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Literary journals always have been and always will be a staple of the writing community. While there are currently hundreds of journals, both online and in print, at Writer’s Relief, we’re reminded of what Toni Morrison famously said: “If there’s a book that you want to read, but it hasn’t been written yet, then you must write it.” The same applies to literary journals!
If you’re thinking about starting a literary journal, here are a few things to consider:
Decisions To Make Before Starting Your Literary Journal
The journal’s name: This may seem obvious, but coming up with a good name can be hard! Established literary journal names range from classic (The Alabama Literary Review) to eccentric (Monkey Bicycle), so feel free to flex your creative muscles!
Your mission statement: This can be as simple as “We want to publish creative writing,” or something much more specific: publishing only a particular form of poetry; or prose of a specified length; or only a certain genre. Hash out this detail early on so you can use it to guide you in everything from designing your website to knowing how to advertise your journal so you can start receiving submissions! (About that—you’ll need to decide on submission guidelines too.)
Your budget: Starting a literary journal doesn’t have to be expensive, but there will be some costs: hosting a website; printing and distributing (if you decide to offer your journal in print—which is another big decision!); advertising (placing sponsored ads on social media platforms like Facebook or Twitter, listing your journal with sites like NewPages or Duotrope); offering an honorarium to contributors and/or staff members (if you can!); and possibly using a submission service. Speaking of which…
The submission service you will use (if any): The simplest way to receive submissions for your new journal is to create an email address (email@example.com). Using a server like Gmail is basic and completely free. These days, though, even the smallest literary journals are choosing to use Submittable software to receive, sort, accept/reject submissions, and more.
The number of staff members: Many literary journals are DIY operations run by one person wearing many hats—whether it’s a start-up or a journal that has been around for years.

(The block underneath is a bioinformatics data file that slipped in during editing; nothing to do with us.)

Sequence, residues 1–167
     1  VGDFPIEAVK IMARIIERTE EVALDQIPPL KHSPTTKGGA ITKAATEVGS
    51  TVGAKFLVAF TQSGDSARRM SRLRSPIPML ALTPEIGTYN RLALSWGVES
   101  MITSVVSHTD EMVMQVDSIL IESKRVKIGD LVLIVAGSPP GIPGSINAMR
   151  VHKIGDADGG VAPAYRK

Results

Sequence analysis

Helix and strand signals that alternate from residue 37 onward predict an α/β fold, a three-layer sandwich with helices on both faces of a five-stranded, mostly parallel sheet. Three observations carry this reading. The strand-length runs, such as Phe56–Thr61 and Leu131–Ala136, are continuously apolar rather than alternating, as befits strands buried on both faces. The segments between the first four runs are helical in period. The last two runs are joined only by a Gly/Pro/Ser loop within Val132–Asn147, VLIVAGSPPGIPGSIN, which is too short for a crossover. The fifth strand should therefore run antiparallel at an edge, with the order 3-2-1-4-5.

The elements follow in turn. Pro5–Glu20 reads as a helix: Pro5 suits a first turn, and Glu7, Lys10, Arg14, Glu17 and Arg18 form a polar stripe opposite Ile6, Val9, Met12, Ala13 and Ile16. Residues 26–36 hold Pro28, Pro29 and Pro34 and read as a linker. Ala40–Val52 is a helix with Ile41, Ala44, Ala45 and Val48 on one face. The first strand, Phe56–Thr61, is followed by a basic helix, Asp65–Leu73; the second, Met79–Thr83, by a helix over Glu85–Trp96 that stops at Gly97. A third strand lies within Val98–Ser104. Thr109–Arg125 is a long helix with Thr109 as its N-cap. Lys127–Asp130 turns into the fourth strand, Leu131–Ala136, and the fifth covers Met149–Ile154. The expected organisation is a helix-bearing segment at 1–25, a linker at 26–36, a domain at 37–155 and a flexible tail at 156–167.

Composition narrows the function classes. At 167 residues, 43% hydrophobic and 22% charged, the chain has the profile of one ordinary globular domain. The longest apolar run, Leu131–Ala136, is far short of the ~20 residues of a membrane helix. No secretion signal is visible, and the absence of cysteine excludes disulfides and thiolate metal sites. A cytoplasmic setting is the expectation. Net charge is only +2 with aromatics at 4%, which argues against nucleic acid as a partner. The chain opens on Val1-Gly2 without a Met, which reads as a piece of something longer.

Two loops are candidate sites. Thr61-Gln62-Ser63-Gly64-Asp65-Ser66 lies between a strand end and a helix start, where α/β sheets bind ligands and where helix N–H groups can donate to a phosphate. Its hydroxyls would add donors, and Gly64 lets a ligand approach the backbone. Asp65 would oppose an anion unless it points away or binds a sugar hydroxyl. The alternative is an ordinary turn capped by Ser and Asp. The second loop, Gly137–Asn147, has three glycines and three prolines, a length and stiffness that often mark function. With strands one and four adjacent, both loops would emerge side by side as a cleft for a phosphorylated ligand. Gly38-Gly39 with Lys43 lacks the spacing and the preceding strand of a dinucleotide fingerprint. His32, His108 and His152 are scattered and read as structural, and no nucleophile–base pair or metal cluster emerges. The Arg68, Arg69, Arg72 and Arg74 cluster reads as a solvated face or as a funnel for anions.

However, if you’re short on time or unsure about judging poetry, designing a website, or managing social media, you may want to bring on board other friends, colleagues, or even mentors who share your vision. (Hint: If you don’t know any other writers, try searching our list of writing groups!)
Once You’ve Started Your Literary Journal
Once your fledgling literary journal’s website is live—advertise, advertise, advertise! Spread the word about your journal by placing ads, starting social media platforms, and asking your writer-friends to share the news.
Remember, while there are many journals, there are even more writers who want to get published. Finding publishable submissions is just a matter of making sure you reach the right writers! (Pssst—try a listing in the Writer’s Relief Classifieds!)
A Final Consideration Before You Take The Plunge
Remember that running a literary journal is a lot of work—and a big commitment. Many journals go defunct after a few years (or even a few months) when the editors simply can’t keep up with the demands. If you’re not sure you want to take on so much responsibility, consider smaller steps, such as volunteering with an already established journal or putting out a onetime anthology. Both can give you a taste of the work required to run your own journal. And if you decide it truly is for you—good luck!
Question: If you were to start a literary journal, what would you call it?